“That he was willing to roll the dice and do some trickery that other coaches weren’t really doing at that time and we recovered it,” Duval said. “It was a huge momentum swing for us. That got their crowd out of it.”
Both teams added a score before halftime and at the start of the third quarter McAllister rushed for another Ole Miss touchdown. Rebel kicker Les Binkley missed the extra point — his first miss in 46 attempts — and Auburn led 21-20.
Auburn expected McAllister to get his share of yards, but they weren’t anticipating what came next.
Glimpse of the future
For the last 16 years, Ben Leard has wondered if the soundtrack to Deuce McAllister’s long punt return was a figment of his imagination.
Just as McAllister caught the football, “Crazy Train” by Ozzy Osbourne simultaneously began to play over the loud speakers.
“I was really surprised that they kicked it, particularly to me,” McAllister recalled. “Normally they’d kick it out of bounds or away from a returner. I was really, really surprised. When they did and I caught it, there was one guy I had to beat. You can go back and look at Coach Tuberville’s face and you can just see he’s thinking like, ‘What are you thinking?’ He was livid because it was right up their sideline as well.”
At one point an Auburn defender appeared to be in position to stop McAllister, but the 6-foot-1 back sidestepped the player with ease, breaking for an 87-yard run that would stick with players on both sides for nearly two decades.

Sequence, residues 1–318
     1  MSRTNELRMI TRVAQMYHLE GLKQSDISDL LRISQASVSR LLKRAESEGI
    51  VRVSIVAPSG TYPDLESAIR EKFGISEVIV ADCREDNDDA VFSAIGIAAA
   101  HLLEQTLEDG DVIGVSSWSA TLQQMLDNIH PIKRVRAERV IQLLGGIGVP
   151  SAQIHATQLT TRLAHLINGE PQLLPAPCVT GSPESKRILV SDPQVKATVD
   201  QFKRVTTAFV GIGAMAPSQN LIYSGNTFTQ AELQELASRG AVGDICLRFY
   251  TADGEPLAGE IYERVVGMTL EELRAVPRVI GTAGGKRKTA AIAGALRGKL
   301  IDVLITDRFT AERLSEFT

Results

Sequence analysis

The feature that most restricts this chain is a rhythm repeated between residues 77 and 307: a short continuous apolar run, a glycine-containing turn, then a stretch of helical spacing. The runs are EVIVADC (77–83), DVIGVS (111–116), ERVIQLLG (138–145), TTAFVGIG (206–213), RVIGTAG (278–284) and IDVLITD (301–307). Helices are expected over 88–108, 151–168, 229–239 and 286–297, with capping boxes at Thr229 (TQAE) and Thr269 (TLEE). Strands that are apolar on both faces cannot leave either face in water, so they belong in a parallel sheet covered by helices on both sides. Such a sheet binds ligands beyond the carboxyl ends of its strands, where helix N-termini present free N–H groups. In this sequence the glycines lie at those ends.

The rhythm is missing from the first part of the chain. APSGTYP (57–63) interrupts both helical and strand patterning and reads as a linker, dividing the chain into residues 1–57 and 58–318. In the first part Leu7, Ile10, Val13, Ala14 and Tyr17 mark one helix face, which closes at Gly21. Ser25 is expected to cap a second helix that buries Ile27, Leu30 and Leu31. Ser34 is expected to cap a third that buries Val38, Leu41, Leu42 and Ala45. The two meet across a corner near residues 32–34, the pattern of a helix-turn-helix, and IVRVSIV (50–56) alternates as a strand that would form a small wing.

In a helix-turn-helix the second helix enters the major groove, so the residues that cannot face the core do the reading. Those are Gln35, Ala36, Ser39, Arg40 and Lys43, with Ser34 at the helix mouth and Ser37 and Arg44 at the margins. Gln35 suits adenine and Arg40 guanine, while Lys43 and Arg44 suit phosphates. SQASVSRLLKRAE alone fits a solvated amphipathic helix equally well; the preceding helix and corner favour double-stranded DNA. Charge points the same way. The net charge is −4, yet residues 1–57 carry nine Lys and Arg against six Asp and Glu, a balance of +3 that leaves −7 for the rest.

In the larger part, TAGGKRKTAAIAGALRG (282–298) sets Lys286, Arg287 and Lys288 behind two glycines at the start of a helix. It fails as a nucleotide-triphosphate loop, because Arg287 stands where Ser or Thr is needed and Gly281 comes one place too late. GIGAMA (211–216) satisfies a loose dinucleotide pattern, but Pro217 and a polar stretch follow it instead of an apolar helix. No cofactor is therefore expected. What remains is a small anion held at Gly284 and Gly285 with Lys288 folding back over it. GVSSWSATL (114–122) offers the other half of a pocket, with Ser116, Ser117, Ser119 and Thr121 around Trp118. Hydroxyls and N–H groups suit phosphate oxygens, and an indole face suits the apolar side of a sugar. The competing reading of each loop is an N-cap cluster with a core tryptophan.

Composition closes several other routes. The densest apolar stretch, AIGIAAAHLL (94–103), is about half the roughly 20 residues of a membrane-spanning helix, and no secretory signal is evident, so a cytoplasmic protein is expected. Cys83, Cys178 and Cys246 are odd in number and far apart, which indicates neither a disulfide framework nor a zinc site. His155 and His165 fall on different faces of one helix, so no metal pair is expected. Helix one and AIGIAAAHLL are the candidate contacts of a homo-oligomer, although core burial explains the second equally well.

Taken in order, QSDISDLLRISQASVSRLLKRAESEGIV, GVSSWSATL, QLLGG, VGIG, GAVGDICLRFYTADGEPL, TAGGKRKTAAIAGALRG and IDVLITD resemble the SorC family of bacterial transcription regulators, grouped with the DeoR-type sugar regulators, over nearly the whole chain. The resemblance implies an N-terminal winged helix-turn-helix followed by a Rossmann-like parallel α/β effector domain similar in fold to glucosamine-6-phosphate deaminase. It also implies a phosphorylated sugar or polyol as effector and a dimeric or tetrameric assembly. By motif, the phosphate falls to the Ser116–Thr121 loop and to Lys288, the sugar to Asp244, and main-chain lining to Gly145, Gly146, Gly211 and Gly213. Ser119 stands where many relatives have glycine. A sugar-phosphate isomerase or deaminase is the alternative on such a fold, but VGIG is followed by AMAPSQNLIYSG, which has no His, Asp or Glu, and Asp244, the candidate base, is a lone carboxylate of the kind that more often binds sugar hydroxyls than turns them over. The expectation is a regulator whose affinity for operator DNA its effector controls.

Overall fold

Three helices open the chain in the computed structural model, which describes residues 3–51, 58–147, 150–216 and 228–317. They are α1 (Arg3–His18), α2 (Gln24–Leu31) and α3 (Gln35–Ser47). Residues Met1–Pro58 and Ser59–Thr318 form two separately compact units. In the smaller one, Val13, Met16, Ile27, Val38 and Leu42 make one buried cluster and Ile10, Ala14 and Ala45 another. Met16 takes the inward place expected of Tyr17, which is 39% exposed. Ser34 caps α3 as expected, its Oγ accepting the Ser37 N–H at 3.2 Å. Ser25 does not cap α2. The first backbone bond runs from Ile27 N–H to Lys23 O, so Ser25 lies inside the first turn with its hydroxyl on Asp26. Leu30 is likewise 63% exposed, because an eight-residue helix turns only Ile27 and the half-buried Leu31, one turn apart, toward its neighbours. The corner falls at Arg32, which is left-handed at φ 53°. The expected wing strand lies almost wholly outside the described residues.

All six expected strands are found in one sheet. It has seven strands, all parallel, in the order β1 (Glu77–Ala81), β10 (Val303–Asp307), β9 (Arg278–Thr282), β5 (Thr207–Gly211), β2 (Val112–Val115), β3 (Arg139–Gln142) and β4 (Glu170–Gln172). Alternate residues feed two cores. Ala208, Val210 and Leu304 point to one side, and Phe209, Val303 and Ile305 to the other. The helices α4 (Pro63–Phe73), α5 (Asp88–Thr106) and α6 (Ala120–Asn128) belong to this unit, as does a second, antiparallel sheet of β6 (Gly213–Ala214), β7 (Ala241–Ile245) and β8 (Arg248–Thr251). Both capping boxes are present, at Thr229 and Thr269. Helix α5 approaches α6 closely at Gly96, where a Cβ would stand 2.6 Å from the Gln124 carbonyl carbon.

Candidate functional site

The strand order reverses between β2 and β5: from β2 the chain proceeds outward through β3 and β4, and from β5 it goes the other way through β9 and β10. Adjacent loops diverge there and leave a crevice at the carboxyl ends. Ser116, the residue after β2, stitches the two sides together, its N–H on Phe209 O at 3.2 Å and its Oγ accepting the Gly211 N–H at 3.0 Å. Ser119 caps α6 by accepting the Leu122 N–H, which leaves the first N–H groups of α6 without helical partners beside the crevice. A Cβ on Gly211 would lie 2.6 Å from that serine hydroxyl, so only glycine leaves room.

“That was the first time I personally got to see how fast Deuce McAllister was,” Duval said. “I was trying to chase him down the sideline and I thought for one second I had a chance. It was just a foot race with me and him. I was pretty quick and could move a little back then, but he could move a little faster than I did. Then I realized for how big of a guy he was just how fast he was moving. I think I dove inside the 5 to try to knock his heels together. There wasn’t a chance in the world I was getting him.”
Ole Miss led 27-21. Leard turned to Auburn center Cole Cubelic on the sideline.
“Not many running backs of his size returned punts,” Leard said. “To be that athletic and have that good of ball skills to be able to do that, it really proved what a good ball player he was all around. I’ll never forget turning to him (Cole) and saying, ‘We’ve got our work cut out for us, this is going to be tough.’”
On the opposite sideline Miller and other Rebels were captivated by their teammate.
“It was fun for me being a quarterback, I knew I had a guy back there who could do all of those things,” Miller said. “I think he was the fastest guy that I probably ever played with. When we came out he was 225 pounds and he was the fastest guy on the team.”
Then, as the fourth quarter began, Auburn had a chance to move their own knight.
Rudi, Rudi, Rudi
Trailing by 6 points, the Tigers faced fourth-and-2 from the Ole Miss 42. Tuberville went for it. Leard handed the ball to Johnson. The big back broke through a tackle and darted up the Ole Miss sideline for a 42-yard touchdown run.
“It was the icing on the cake,” Johnson said. “I got a green light from my teammates and they trusted me with the offense. The coaching staff put trust in me and gave me the ball and let me do what I do.”
Auburn still had nearly a whole quarter left to keep or extend its 28-27 lead and the heat was affecting players. An Auburn starter began cramping and defensive back Courtney Rose entered the game.